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The entire 8-minute drive, I was pumping myself up. Reminding myself I’m the Pawning Queen, though I’ve only pawned something once, and I’d only been to 2 pawn shops in my entire life.

I felt that I had good vibes going, because I was heading in early when the staff are fresh. It’s Friday, everyone loves Friday. I took my calm heartbeats, instead of the frantic beats I anticipated, as a sign that I was in control and would get the money I’d hoped for.

I was pawning a Harley leather jacket. Mr. BuLL and I had sold his bike years ago and hadn’t had one since. A motorcycle is cheap on gas and great on views, but it’s hard when the interstate speeds are 80 mph. 

Plus, Mr. BuLL and I had exchanged bike rides for hiking trails. 

Mr. BuLL had my jacket on Facebook Marketplace for months and it was just sitting there, sulking like a dateless teenager at prom. 

I decided to do something about it after reading a book about failure. The most recent piece that resonated was: if I’m not failing, I’m not trying.

Pawning, by its inherent demand of real pants haggling with real people, is hard for an introvert who prefers to avoid haggling for funzies and wear yoga pants when not wearing work pants. 

Basically, despite the inner resistance, there was no winning with pawning outside of removing unused stuff for money stuff. 

Besides the book prompt, I was well aware that I was behind on my money goal for the year. Last year, I saved $12,000 in 12 months. As a goal digger, this year’s goal was to save 15K in 12 months. As of today, I’m $1,098 short. Outside of pawning a car or an organ, it wouldn’t matter what I pawned, it wouldn’t generate that much cash.

Still, trying is better than complaining. Besides, I can still complain afterward, like how I’m writing a whole article about my leery lessons learned from a pawn shop. 

The final piece that caused the uncontrollable cascade was that I had it on my calendar to pawn something. The last time I pawned something, I had a rush of endorphins that compelled me to get another hit. In my happy high of getting money for clutter, I put a date on my calendar to pawn something else.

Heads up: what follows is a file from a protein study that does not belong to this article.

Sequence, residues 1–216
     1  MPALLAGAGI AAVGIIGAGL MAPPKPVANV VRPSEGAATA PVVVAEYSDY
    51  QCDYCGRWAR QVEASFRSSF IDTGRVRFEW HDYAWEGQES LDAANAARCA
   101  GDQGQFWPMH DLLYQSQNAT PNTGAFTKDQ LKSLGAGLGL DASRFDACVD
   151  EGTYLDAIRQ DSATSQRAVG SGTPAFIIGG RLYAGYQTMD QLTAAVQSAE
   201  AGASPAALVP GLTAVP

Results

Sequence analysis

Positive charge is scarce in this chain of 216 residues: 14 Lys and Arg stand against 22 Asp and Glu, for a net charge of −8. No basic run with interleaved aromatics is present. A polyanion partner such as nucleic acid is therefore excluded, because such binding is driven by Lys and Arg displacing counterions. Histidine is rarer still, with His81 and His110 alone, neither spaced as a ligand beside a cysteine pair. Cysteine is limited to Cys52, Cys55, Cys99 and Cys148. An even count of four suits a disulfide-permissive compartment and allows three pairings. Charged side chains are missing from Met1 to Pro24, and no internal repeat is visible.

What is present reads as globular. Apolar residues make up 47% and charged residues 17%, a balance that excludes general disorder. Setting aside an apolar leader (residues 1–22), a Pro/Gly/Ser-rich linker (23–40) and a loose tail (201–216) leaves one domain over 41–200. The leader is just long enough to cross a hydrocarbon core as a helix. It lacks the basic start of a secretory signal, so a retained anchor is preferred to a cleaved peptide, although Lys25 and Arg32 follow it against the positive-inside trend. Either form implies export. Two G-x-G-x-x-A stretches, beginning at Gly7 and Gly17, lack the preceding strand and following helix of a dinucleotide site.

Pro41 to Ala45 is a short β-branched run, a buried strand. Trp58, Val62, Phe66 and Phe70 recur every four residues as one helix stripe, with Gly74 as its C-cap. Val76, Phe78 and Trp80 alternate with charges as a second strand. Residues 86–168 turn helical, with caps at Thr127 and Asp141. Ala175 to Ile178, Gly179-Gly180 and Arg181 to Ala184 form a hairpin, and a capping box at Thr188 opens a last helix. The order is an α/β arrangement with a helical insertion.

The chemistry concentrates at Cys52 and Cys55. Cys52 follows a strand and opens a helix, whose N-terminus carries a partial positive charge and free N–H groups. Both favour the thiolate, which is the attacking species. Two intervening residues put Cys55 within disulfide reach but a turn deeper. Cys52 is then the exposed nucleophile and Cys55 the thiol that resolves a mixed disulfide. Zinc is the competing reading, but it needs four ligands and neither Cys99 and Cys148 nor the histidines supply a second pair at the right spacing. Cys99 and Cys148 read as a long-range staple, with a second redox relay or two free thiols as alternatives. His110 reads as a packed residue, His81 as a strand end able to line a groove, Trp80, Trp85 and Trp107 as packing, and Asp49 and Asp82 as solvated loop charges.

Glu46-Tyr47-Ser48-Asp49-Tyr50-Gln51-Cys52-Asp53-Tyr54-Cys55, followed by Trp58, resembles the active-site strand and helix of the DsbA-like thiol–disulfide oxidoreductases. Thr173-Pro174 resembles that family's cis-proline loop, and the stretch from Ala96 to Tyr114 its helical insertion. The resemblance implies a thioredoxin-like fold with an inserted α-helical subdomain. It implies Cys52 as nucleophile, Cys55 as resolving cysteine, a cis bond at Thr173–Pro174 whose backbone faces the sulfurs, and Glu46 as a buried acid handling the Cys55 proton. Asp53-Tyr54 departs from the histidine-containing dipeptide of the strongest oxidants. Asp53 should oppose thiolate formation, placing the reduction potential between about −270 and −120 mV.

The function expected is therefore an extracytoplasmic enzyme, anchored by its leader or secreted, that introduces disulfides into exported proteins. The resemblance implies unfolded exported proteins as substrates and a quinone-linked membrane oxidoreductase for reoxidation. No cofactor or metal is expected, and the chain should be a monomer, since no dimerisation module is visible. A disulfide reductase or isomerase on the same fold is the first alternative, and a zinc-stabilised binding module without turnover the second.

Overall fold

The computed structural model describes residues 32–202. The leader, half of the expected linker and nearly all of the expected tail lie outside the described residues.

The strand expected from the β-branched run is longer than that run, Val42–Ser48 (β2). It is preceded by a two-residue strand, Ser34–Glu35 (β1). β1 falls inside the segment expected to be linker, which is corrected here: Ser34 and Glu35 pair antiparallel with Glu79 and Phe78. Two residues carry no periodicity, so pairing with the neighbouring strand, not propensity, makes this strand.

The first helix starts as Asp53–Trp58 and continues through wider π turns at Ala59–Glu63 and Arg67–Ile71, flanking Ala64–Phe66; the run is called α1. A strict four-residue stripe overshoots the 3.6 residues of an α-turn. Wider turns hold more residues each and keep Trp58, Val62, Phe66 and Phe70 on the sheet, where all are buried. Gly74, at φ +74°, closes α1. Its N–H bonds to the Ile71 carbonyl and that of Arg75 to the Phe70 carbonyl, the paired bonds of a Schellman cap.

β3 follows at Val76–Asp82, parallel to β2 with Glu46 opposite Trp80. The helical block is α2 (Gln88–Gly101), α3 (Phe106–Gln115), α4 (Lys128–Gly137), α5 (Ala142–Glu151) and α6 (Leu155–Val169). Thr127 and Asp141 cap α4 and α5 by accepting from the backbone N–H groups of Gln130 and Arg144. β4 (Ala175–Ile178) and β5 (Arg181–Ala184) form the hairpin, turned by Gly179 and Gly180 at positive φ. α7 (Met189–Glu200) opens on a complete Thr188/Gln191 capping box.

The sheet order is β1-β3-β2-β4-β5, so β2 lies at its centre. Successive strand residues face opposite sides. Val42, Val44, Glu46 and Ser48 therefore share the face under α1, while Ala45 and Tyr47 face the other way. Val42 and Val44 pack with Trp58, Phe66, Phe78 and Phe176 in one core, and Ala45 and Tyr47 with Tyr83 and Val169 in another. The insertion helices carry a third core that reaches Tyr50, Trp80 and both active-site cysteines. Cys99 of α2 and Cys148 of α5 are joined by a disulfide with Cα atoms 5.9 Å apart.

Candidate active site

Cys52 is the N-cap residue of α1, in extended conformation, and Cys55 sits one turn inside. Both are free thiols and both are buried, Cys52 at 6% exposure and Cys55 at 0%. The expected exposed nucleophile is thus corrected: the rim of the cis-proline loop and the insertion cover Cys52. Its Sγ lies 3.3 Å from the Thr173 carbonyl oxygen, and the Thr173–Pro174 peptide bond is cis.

That’s how I found myself parking outside an empty lot and walking in the shop with a whole lotta hope and very little experience.

My first leery lesson learned from a pawn shop was when prompted, I should have said I wanted more for my jacket. 

Like the gullible girl I was, when asked what I wanted for the jacket, I responded with the exact amount I’d hoped for. As soon as I said it, I thought, well that was dumb. 

When hawking goods, it’s mandatory to over-ask.

I know this, Mr. BuLL sells many things online and he always asks for a bit more, so if people want to haggle, he has room.

The fault in my stars is that I don’t practice enough haggling. In my industry, truth isn’t optional, it’s mandatory. 

Federal employees can get in a lot of trouble for fudging the truth. So, I have years of practice with truth.

Haggling, on the other hand, I have little experience. 

When the attendant said what he could offer, half the price of my ask, my fate was sealed, and it was a fate I was disgruntled with.

My second leery lesson learned from a pawn shop was always do your research. 

Before I went to the pawn shop, I ensured my jacket was clean and pristine. I looked for any scuff marks or extra wear. I even cleaned a couple of questionable spots.

What I didn’t do was research how much eBay was asking.

When I gave my dollar amount, the attendant did his due diligence and looked on eBay. He used it to justify his price.

This is a lesson I know. 

Always do your research. Everything I buy, from totes to travel, I research first. I should have researched my jacket too and kept that search on my phone. 

I could have haggled better if I had proof of where I was getting my numbers from.  

My third leery lesson learned from a pawn shop was to buy what you love, so you don’t need a reason to pawn.

After accepting the amount, depositing it in the bank, and transferring it to its final destination, I thought about buying things that support my values. 

The jacket, at one point, supported my values, but did it need to be a fancy, expensive Harley jacket? Could I have bought a cheaper jacket at a second-hand store? 

I’ve changed more than an 80’s hairdo since I bought that jacket years ago. However, the stuff is still here despite how much my lifestyle has shifted.

For me, this was yet another reminder that expensive stuff can end up a future burden of expensive stuff. 

How does the future me what to spend time? Annoyed over getting less than what I felt the item was worth or doing anything else that would generate happiness. At the very least, I can say with calm and clarity, I don’t want to go on a future 900-word rant about more leery lessons learned at a pawn shop. 

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